French court orders Twitter to change smallprint after privacy case | Computing

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A French consumer group claimed victory against Twitter, saying “the conviction has a gigantic scope for the protection of users’ personal data”

A Paris court on Thursday ordered Twitter to change its smallprint, according to a consumer group which accused the tech giant of having “abusive” clauses in its terms and conditions.


UFC-Que Choisir claimed victory in its case against the US social media platform, saying “the conviction has a gigantic scope for the protection of users’ personal data”.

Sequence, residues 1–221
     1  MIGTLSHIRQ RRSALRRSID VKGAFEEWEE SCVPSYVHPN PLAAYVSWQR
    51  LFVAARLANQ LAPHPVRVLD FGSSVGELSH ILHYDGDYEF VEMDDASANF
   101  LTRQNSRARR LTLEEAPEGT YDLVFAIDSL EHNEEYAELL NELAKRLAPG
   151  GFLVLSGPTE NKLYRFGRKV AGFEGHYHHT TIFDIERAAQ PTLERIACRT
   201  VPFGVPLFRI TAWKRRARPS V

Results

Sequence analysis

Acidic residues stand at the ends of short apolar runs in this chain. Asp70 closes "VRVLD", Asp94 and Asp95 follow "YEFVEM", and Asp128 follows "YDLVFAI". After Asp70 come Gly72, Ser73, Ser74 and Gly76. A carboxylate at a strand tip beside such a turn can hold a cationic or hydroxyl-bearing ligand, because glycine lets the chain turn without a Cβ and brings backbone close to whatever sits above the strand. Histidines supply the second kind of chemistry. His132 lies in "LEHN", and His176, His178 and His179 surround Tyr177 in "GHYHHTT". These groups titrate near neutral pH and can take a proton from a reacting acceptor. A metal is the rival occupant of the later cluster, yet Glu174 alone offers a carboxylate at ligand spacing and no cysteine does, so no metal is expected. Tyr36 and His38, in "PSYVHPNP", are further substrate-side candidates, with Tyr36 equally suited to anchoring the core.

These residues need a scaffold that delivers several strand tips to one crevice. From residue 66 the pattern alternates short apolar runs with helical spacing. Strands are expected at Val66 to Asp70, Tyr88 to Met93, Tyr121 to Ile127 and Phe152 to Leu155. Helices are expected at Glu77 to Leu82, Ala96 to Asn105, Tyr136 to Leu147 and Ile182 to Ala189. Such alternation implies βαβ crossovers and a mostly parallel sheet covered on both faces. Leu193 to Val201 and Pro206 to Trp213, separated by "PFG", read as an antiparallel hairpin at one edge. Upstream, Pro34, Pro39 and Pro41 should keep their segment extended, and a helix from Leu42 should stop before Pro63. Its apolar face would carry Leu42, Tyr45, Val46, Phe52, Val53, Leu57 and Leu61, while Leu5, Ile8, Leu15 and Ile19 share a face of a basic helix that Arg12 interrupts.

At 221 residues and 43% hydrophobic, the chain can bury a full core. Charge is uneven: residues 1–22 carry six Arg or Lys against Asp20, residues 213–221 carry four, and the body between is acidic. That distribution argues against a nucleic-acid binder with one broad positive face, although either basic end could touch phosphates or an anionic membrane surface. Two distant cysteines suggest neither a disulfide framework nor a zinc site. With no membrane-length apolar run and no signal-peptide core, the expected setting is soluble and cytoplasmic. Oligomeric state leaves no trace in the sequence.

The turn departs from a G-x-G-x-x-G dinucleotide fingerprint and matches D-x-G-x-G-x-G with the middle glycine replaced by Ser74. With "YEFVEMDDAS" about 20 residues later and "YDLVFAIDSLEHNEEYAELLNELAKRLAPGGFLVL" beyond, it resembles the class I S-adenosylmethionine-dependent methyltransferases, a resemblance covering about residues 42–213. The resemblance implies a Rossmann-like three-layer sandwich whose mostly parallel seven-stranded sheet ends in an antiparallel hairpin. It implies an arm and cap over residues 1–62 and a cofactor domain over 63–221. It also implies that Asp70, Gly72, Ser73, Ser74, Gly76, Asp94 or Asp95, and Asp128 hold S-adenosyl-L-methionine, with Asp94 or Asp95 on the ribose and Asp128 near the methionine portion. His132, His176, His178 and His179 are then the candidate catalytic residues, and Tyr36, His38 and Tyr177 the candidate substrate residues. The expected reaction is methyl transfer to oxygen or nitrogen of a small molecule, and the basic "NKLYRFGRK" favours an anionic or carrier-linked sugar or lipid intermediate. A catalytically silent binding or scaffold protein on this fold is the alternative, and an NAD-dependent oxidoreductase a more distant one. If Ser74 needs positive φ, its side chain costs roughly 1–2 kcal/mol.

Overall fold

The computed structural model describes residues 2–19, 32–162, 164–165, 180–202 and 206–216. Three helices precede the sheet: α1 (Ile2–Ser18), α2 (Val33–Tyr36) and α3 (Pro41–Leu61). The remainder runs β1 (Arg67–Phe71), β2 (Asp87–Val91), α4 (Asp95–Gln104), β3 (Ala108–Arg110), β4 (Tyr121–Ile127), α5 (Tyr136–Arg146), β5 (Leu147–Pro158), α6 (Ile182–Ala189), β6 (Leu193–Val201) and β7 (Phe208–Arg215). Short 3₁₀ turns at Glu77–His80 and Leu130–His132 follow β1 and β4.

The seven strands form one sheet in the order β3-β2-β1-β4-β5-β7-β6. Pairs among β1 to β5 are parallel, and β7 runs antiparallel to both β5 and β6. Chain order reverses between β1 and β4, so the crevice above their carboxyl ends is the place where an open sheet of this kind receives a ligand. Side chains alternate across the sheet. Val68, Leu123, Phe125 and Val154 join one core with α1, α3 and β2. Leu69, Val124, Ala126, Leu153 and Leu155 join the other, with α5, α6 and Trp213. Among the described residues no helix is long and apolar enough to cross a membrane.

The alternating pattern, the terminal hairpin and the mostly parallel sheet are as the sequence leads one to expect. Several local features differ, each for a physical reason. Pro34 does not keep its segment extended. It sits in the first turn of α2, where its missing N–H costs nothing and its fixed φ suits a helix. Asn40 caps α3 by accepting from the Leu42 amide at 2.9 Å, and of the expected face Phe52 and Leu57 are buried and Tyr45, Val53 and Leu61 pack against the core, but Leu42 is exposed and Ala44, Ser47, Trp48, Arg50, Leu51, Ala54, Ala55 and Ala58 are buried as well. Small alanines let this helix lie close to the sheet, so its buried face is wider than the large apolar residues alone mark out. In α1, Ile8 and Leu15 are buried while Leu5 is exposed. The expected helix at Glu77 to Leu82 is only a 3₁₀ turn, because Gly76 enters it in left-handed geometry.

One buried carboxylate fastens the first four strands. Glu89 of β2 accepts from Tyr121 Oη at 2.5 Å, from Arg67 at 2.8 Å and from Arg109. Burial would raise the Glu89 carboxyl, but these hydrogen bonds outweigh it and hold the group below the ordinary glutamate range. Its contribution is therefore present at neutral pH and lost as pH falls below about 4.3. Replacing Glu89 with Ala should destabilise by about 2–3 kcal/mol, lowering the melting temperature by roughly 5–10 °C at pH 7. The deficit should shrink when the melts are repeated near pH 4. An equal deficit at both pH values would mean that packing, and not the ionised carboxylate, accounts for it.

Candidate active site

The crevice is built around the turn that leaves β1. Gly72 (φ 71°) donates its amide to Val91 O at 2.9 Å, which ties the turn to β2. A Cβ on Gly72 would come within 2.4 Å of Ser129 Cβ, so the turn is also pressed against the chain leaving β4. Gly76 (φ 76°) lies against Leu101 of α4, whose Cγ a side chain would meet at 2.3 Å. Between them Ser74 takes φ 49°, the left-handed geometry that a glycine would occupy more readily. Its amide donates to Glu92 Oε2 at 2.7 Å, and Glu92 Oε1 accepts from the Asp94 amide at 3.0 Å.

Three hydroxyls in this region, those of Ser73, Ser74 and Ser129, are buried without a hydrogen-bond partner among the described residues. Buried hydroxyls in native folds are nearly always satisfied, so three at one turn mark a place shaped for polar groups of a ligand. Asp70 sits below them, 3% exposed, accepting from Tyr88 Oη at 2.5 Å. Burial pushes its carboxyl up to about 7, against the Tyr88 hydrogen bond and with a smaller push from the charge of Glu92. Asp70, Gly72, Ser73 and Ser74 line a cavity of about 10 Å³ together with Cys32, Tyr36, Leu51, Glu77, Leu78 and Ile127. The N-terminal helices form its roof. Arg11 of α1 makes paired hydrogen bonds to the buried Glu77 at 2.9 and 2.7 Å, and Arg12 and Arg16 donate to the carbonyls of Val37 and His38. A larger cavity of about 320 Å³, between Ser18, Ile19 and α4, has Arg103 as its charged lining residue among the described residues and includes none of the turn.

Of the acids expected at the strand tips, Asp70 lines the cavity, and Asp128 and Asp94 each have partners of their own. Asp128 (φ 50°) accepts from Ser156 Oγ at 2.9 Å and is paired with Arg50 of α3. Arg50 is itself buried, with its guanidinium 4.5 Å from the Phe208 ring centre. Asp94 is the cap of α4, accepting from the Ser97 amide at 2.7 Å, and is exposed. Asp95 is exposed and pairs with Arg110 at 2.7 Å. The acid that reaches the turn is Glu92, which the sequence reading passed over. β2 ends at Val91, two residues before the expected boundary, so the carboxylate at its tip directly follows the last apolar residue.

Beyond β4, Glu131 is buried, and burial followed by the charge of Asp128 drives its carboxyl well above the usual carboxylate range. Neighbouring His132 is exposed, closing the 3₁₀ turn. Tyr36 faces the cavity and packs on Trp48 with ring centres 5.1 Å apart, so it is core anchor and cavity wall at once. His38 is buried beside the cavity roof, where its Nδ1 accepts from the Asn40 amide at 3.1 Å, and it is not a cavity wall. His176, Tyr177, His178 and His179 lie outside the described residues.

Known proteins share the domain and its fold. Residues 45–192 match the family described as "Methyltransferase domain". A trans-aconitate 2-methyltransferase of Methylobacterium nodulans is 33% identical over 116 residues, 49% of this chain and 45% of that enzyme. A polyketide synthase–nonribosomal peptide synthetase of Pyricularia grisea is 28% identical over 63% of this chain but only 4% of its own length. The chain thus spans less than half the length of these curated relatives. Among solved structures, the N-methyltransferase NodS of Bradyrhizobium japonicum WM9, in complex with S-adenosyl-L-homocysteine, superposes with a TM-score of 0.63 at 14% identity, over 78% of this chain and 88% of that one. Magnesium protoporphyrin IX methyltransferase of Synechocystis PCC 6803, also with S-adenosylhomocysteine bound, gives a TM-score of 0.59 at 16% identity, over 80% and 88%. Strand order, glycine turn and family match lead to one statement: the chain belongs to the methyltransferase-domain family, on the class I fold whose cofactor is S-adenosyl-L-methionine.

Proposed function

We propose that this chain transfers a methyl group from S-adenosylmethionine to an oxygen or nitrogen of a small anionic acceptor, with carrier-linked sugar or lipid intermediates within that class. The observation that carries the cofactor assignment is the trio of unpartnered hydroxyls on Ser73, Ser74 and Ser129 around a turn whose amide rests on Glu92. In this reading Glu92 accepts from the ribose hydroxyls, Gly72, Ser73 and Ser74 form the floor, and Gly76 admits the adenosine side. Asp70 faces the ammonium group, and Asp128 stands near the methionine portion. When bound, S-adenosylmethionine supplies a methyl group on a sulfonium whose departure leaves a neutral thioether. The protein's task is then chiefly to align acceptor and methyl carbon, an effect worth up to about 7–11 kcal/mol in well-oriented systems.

The consumer association had called on the high court “to recognise the abusive or illegal nature” of 256 clauses contained in Twitter’s terms and conditions that it said breached users’ privacy.

In particular, UFC-Que Choisir said the court’s decision guarantees Twitter users that their photos and tweets can no longer be “commercially exploited” if they have not given their consent.

“By ticking a small box to accept the terms of service, the consumer has not expressly accepted their data can be exploited,” the group said.

Twitter was also fined 30,000 euros, a sum UFC-Que Choisir said was “insignificant for the social network which generated in 2017 a global turnover of 2.1 billion dollars”.

The social network has one month to appeal. But “whatever his decision, this victory bodes well for similar procedures against Facebook and Google, still in progress,” the group said.

Those judgments are expected in “the coming months”, according to UFC-Que Choisir.


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French group files privacy suit against social networks

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